Plagiarism is defined as using the words or ideas of others and presenting them as your own. UNSW and CSE treat plagiarism as academic misconduct, which means that it carries penalties as severe as being excluded from further study at UNSW. There are several on-line sources to help you understand what plagiarism is and how it is dealt with at UNSW:

Make sure that you read and understand these. Ignorance is not accepted as an excuse for plagiarism. In particular, you are also responsible that your assignment files are not accessible by anyone but you by setting the correct permissions in your CSE directory and code repository, if using. Note also that plagiarism includes paying or asking another person to do a piece of work for you and then submitting it as your own work.

UNSW has an ongoing commitment to fostering a culture of learning informed by academic integrity. All UNSW staff and students have a responsibility to adhere to this principle of academic integrity. Plagiarism undermines academic integrity and is not tolerated at UNSW. Plagiarism at UNSW is defined as using the words or ideas of others and passing them off as your own.

If you haven't done so yet, please take the time to read the full text of

The pages below describe the policies and procedures in more detail:

You should also read the following page which describes your rights and responsibilities in the CSE context:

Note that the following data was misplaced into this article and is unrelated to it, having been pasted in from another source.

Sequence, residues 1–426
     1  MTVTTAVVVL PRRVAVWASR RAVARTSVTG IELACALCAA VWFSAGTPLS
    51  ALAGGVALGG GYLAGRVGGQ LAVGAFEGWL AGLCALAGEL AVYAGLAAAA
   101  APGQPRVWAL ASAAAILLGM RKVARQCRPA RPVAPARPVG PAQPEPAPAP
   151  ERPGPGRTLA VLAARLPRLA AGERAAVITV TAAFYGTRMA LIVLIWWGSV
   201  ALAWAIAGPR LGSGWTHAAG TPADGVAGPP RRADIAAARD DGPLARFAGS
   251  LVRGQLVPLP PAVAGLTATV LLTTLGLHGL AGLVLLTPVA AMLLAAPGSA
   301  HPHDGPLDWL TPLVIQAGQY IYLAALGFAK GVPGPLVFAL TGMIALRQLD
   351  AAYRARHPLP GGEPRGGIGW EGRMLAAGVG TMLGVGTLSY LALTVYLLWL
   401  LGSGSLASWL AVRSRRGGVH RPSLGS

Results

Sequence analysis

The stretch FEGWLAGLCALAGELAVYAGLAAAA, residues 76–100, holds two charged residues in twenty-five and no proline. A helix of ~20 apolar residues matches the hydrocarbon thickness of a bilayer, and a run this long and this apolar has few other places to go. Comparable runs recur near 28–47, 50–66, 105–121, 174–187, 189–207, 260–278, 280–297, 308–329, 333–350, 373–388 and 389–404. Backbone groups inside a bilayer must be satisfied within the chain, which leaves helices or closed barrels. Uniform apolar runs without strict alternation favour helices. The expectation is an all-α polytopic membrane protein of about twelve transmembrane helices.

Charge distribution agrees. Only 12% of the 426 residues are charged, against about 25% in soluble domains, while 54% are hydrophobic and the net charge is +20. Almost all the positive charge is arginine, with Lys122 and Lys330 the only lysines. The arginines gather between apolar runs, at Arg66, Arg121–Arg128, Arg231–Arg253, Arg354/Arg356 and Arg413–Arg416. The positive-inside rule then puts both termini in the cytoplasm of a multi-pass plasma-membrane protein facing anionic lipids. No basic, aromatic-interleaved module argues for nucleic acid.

Item Topics Due Marks
Problem sets All topics Weeks 2-5,7,9-10 48%
Contest 1 Introduction Week 2 6%
Contest 2 Data Structures, Binary Search, Dynamic Programming Week 5 6%
Contest 3 Data Structures II, Graphs, Shortest Paths Week 9 6%
Final Exam All topics Exam period 34%

Course Schedule

Week Lectures
Labs Problem Sets Contests Notes
1 Introduction
Introduction Set 1 released - -
2 Data Structures I
Data Structures I Set 2 released Contest 1 -
3 Dynamic Programming
Dynamic Programming Set 3 released - -

Binary Search
- No lecture (Labour Day)
5 Graphs
Graphs Set 4 released Contest 2 -
6 Revision Lecture (optional)
- - - Flexibility Week
7 Data Structures II
Data Structures II Set 5 released - -
8 Shortest Paths
Shortest Paths Set 6 released - -
9 Network Flow
Network Flow Set 7 released Contest 3 -
10 Mathematics
Mathematics Set 8 released - -

Resources for Students

The course website will contain all relevant resources, and there are no textbooks required for the course.

The following textbooks are suitable for reference:

  • Any algorithms textbook, such as Introduction to Algorithms (Cormen, Leiserson, Rivest and Stein)
  • Programming Challenges (Skiena and Revilla)
  • Competitive Programming 3 (Halim). A free copy of Competitive Programming 1 can be found at CPBook

Students may find the following online resources helpful:

Further practice problems can be found in many places, e.g:

Students are encouraged to ask the lecturer or tutors for further resources.

Course Evaluation and Development

This course is evaluated each session using the myExperience system.

In the previous offering of this courses, students noted that the problem sets were time consuming and requested more example problems.

Based on their comments, we have shortened the problem sets and we are trialling a tute/lab format with walkthroughs of example problems.

Resource created Friday 11 September 2020, 01:06:24 PM, last modified Monday 28 September 2020, 04:24:56 PM.